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Little House on the Prairie Homemaking Secrets from Farmer Boy Part 2

My homemaking series continues today as we take another deep-dive into the Little House on the Prairie book series with my Farmer Boy observations.

In today's video, I'm sharing the second half of my observations on Farmer Boy. This book is full of homemaking inspiration as the Wilders had a very full and fulfilling family life.

You can see my Little House observations here and Part one of my Farmer Boy observations here.

πŸ‚ Lesson 11 They weren’t afraid of using technology when it suited them.
On p.164, it says, Mother didn’t card her own wool anymore, since there was a machine… But she dyed it. The Wilders were definitely open to new technologies and using them to improve their homemaking. I have had new technologies that I've resisted in my own homemaking, that have changed my life for the better once I finally decided to give them a try. Have you ever resisted technology to improve your homemaking?

πŸ‚ Lesson 12 They made their own household necessities.
While they did enjoy new technologies, they also made many of their own household essentials from scratch such as soap and candles... They took a deep satisfaction from these domestic arts.

πŸ‚ Lesson 13 The children were taught to enjoy homemaking.
Almanzo actually looked forward to the work on the farm… even more than school (p. 166). The atmosphere of home was so inviting, he didn't want to leave. This stems from the children being taught to enjoy homemaking, so much so that they preferred it over other activities.

πŸ‚ Lesson 14 They all banded together to help in a crisis.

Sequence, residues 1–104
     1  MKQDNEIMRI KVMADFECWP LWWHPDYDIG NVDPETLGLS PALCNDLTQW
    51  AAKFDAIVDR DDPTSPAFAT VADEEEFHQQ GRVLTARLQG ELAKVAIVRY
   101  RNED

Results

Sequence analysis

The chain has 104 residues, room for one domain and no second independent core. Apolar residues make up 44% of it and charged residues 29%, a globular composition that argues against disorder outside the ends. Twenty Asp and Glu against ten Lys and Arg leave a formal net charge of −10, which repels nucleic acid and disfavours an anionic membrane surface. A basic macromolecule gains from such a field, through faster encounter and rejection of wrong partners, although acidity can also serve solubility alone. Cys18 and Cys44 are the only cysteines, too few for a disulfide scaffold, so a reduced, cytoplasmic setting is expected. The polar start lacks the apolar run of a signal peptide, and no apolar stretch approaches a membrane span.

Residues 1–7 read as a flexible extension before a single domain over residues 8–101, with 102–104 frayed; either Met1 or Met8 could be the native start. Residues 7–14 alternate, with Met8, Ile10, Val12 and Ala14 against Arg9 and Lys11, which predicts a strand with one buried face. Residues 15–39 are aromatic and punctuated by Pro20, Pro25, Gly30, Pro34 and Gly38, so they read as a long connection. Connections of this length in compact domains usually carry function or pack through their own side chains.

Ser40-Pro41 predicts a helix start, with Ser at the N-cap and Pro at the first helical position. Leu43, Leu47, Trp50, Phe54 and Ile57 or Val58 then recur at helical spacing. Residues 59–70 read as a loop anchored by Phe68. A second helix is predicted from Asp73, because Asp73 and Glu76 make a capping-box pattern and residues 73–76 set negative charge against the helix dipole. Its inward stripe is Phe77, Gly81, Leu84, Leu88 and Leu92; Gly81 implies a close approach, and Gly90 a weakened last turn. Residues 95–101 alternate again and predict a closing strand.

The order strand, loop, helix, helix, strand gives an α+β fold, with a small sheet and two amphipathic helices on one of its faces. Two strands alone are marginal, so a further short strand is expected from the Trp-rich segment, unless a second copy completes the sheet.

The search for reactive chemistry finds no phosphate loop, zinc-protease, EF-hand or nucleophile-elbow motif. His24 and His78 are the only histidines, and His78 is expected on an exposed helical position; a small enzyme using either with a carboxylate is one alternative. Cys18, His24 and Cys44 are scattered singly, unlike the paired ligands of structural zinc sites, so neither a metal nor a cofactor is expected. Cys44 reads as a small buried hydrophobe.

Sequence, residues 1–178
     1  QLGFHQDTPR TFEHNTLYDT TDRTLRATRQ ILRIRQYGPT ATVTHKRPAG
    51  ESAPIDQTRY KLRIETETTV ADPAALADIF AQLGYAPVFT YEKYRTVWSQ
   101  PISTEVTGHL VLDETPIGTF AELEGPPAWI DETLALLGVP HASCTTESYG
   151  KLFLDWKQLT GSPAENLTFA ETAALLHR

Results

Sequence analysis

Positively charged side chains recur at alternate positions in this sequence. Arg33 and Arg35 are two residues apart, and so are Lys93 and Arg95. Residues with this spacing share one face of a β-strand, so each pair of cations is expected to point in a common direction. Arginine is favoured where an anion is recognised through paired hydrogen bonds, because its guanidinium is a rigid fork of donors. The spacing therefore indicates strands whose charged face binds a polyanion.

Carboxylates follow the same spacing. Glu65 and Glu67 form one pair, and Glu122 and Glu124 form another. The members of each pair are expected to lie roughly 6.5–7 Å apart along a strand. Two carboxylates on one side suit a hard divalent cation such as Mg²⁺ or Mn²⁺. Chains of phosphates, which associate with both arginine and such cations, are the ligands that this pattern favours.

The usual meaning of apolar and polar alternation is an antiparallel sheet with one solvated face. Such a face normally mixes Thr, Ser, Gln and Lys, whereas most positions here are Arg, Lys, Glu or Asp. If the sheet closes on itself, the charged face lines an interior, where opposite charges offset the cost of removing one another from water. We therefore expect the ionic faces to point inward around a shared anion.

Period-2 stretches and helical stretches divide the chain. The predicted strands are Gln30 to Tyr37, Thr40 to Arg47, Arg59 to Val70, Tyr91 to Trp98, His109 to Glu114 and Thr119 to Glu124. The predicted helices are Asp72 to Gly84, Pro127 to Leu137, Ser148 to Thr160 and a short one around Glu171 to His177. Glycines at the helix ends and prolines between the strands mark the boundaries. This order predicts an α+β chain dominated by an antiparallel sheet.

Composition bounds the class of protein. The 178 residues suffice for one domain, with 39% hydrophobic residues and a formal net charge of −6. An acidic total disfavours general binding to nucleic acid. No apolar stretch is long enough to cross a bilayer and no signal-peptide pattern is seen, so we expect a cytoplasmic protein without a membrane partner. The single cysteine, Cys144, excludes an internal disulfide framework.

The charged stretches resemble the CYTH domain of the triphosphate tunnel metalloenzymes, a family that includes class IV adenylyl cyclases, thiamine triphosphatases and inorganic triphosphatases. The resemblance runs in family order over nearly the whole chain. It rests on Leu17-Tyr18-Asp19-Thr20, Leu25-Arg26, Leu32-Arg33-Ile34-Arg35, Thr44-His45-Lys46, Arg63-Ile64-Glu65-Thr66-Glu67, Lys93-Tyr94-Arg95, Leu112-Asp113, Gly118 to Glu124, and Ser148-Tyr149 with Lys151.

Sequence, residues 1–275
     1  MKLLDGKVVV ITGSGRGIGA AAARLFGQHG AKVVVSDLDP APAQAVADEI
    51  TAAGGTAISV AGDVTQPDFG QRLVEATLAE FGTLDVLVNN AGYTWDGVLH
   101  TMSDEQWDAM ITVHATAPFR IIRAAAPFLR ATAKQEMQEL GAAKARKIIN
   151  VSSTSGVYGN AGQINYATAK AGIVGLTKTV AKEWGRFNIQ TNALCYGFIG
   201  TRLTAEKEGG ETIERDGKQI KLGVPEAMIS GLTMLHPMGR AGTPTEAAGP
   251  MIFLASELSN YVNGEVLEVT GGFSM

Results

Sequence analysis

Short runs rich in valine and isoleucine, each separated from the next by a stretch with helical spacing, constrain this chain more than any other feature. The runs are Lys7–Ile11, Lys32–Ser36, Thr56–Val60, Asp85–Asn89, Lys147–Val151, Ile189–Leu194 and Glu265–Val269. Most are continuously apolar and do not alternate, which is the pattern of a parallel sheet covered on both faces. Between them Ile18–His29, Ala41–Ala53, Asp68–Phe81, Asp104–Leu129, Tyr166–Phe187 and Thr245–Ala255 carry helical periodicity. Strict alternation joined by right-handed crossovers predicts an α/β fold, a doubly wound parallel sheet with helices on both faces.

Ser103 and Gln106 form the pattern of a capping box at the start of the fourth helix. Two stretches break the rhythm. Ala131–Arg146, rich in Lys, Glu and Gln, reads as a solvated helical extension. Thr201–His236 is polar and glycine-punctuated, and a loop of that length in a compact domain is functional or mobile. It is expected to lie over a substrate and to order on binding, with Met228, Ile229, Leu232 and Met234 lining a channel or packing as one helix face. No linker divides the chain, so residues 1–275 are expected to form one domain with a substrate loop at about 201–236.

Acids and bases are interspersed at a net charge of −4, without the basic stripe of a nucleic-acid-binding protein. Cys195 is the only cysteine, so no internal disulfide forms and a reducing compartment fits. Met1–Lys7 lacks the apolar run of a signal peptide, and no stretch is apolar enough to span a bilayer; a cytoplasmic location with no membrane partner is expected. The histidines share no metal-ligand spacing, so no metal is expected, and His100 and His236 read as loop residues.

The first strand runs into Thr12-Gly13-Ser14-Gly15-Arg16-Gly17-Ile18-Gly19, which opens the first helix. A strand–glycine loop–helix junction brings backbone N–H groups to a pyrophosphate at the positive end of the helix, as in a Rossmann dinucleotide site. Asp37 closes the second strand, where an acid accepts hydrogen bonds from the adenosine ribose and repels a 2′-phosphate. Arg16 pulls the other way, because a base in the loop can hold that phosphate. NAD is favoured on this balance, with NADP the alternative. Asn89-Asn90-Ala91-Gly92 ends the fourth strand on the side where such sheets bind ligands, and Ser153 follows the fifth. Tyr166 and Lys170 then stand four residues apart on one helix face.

This tip didn't make it into my video. I believe I skipped it on accident when I was filming. On page 169, in the chapter called, Cold Snap, the entire family banded together in a crisis and got out of bed on a very frosty evening to help save the crops. The entire family came together to help in a crisis and put their own personal comfort on the back-burner to do so.

πŸ‚ Lesson 15 They worked hard and played hard.
On page 199, in the chapter, Summertime, Almanzo's father quotes the famous phrase, All work and no play makes Jack a very dull boy. The Wilders enjoyed playing hard, but only after they worked hard. Also, note that their "fun" also involved chores (berrying).

πŸ‚ Lesson 16 They didn’t waste anything.
On page 199, Mother “scraped every bit of buttermilk”. She didn't waste anything. This tip convicted me and made me realize that I am apt to waste food, by not scraping every last bit. I will work to change that.

πŸ‚ Lesson 17 They were proud of her home and of keeping it nice.
Mother is described as being proud of her home and in keeping it nice (p.224). Even though the term, "house proud" has negative connotations, most of us are a bit proud of our homes and naturally want to keep them looking nice. I think this is a good thing. It's this pride that keeps us on top of things.

πŸ‚ Lesson 18 The kids knew when they needed to HUSTLE.